They can say not to take them out in class or leave them off during school hours but in this day and age it’s not reasonable to ban them from the school all together.

      • The thing is, almost every student thinks it’s ridiculous to not allow them at lunch and passing periods, as do I. And as Rhonda said, it’s expected to have a cell phone nowadays.

  2. I think indeed it is just a way of raising the issue for parents – of course sexting is wrong, and it is going to happen with without ban. However, I think there are more effective ways (letters and e-mails to parents, maybe even some chats to the students). Banning sexting is a bit ridiculous, it’s always going to be something hidden from adults.

  3. If it’s a problem in schools, just put a satellite block up so no one can text… but I mean outside the classroom, there isn’t much you can do, apart from educate about what can go wrong if you do “sext”. But I mean I did it when I was younger, but I didn’t feel it was TOO big a deal. Had someone else found the picture, it probably would have put me off for life. :S

  4. Sex messaging is not just pictures. Everyone always immediately jumps to that. It also includes like sexual conversation, which happens way more often. It’s just like cyber sex. How can the school enforce this? I don’t get it.

  5. Not that I support underage sex-pic-messages, but this reminds me of some ‘rule’ my middle school principal made up when I was in 8th grade that she’d give detention to girls doing things like ‘holding hands with or kissing older boys’ if she saw them at it in public, like at the mall or something. It was followed by her wondering ‘what was wrong with the boys we went to school with.’ Despite the fact a) there were five boys in my grade, but nine girls, and b) we’d known them since we were just about in diapers. The general response of the 8th grade class was ‘fuck this shit,’ even among us who didn’t hold hands with and kiss high schoolers in the mall. Can’t educators focus on things that they need to be focusing on? I’m in college, and it’s repulsive how many adults can’t speak proper English and have a total lack of common knowledge….and I don’t just mean the students, I mean PROFESSORS. Once the American public school system is performing it’s duties properly, THEN they can butt into kid’s personal lives. Until then, English 101 anyone?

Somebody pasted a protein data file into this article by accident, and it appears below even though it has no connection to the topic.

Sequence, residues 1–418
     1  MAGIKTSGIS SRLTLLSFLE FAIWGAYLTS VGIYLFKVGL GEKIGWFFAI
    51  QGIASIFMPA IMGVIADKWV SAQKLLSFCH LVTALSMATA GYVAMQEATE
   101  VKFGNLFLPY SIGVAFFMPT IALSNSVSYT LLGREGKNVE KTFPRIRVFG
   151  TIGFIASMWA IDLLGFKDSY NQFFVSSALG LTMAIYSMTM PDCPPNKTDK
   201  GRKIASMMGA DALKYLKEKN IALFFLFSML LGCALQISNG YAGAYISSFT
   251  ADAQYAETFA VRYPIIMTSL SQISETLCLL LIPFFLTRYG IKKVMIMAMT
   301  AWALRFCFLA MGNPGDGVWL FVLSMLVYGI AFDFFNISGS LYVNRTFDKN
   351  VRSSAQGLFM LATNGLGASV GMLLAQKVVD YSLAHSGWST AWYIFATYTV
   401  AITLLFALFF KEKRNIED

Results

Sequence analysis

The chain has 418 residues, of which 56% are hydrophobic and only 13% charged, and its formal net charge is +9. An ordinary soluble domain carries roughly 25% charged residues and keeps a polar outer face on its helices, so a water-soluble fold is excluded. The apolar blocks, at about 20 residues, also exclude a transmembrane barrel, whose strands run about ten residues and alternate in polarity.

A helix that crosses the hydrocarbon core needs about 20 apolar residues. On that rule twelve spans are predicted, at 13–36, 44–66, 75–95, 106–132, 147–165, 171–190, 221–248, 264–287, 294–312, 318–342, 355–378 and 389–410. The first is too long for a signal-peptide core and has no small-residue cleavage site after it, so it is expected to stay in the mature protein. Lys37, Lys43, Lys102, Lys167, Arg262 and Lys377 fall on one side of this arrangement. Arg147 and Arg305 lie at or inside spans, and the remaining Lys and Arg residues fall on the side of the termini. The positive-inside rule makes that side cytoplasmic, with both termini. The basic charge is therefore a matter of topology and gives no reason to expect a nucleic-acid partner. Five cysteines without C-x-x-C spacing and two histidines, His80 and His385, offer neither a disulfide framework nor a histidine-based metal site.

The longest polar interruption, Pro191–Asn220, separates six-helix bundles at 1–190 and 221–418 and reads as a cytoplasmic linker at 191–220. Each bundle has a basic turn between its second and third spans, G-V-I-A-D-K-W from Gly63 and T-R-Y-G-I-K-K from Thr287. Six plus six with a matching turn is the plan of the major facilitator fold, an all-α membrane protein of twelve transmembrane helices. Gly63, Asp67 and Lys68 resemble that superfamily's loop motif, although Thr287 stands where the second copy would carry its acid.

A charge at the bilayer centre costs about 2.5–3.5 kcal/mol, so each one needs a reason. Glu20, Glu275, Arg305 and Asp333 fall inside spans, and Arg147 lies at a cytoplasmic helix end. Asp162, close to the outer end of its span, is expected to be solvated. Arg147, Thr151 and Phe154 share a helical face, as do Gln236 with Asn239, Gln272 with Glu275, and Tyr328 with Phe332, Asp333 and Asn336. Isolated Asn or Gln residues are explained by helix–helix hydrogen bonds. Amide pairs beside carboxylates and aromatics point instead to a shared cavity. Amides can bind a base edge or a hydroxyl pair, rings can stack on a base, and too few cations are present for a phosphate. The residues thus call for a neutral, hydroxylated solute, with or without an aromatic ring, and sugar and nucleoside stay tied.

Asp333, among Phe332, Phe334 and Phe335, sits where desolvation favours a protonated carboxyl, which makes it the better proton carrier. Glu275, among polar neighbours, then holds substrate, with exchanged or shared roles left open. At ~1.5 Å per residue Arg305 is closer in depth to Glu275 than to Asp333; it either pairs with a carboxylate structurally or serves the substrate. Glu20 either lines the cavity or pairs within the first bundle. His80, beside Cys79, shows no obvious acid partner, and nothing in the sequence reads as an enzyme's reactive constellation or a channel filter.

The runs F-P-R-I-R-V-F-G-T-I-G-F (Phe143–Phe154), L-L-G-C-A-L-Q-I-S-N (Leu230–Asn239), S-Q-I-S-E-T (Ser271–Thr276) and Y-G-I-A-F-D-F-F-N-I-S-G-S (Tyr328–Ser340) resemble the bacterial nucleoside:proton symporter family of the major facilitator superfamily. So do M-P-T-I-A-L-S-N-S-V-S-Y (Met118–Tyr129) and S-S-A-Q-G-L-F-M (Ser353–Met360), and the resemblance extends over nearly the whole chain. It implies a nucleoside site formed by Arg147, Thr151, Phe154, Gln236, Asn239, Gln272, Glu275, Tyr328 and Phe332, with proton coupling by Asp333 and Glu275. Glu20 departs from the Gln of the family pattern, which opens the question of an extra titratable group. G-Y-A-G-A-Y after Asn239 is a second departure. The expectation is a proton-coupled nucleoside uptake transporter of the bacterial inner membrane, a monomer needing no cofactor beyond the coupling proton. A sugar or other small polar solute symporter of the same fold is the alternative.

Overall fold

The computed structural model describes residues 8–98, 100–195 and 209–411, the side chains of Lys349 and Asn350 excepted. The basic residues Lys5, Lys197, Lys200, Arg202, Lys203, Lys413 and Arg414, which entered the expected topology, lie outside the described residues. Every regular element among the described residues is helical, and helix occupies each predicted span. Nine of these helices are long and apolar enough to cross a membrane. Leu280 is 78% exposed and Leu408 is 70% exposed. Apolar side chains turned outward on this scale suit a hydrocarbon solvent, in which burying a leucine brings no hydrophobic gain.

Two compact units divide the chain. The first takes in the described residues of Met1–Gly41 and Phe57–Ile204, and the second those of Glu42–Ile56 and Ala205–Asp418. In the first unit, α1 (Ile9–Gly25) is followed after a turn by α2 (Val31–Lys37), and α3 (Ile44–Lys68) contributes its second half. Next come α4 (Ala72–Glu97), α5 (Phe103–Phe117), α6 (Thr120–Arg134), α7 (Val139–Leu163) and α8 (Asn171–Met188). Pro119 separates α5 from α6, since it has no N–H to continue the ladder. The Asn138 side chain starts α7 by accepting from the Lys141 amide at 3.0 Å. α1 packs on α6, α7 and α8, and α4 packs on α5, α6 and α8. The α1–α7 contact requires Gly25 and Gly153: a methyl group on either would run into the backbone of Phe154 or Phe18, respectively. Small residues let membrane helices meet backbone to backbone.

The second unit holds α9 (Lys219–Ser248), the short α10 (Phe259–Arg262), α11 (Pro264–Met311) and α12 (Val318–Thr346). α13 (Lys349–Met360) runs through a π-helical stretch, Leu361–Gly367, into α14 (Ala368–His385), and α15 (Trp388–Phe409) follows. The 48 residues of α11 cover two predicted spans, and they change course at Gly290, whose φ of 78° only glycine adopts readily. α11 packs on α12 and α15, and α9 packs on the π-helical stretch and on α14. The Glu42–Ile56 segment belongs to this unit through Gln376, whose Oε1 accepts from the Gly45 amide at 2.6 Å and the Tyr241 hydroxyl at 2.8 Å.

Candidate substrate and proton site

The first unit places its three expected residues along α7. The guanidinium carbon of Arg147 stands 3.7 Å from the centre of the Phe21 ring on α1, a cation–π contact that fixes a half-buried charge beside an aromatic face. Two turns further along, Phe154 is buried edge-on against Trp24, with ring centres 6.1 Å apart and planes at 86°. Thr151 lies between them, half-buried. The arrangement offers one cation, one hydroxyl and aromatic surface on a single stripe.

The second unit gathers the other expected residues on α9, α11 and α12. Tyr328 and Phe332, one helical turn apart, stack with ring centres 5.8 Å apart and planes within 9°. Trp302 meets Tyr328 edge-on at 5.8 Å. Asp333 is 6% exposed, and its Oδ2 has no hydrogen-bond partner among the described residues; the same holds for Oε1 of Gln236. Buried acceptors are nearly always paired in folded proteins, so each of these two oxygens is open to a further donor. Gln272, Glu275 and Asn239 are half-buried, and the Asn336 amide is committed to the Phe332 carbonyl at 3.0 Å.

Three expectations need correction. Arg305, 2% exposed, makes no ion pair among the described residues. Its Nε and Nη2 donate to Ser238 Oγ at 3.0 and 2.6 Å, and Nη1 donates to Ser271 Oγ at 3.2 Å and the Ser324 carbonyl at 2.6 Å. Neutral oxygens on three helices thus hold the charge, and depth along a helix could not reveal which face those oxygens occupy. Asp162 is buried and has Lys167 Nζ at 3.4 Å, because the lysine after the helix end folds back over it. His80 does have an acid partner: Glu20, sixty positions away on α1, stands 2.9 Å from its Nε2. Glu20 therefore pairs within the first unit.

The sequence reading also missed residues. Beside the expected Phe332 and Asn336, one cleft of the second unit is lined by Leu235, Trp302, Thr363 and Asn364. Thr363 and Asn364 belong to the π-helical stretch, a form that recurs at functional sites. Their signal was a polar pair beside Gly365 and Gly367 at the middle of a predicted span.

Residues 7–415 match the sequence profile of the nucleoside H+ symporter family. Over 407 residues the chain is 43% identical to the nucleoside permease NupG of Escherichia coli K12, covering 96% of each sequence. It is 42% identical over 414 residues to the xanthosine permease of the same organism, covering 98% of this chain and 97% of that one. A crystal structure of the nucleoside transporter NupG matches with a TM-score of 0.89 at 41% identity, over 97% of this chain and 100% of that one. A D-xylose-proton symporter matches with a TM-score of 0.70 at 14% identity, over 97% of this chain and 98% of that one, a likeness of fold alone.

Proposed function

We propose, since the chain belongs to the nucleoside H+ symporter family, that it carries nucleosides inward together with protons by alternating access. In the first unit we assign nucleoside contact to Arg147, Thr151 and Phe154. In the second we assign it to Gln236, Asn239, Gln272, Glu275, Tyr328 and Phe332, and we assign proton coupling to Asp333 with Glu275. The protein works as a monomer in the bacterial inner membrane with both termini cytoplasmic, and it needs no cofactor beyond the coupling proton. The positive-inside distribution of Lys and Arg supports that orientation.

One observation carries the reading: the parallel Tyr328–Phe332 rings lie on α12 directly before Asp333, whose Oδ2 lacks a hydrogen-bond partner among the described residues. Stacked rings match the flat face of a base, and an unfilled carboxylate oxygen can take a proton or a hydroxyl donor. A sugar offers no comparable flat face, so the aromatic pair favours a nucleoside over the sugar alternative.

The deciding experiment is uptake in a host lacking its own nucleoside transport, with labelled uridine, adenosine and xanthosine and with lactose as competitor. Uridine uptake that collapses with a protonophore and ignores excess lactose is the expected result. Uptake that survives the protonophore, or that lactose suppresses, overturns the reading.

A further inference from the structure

6. The people who really need to focusing on this problem is the parents. Parents need to know what kids are doing with their phones, and if the kids are using them for inappropriate things, the phones should be taken away from them. It’s called basic discipline.

    If I had ever done something like this as a teen, and my mother found out about it, you’d better believe I would have been disciplined (and rightly so).

  7. It’s a difficult situation to solve.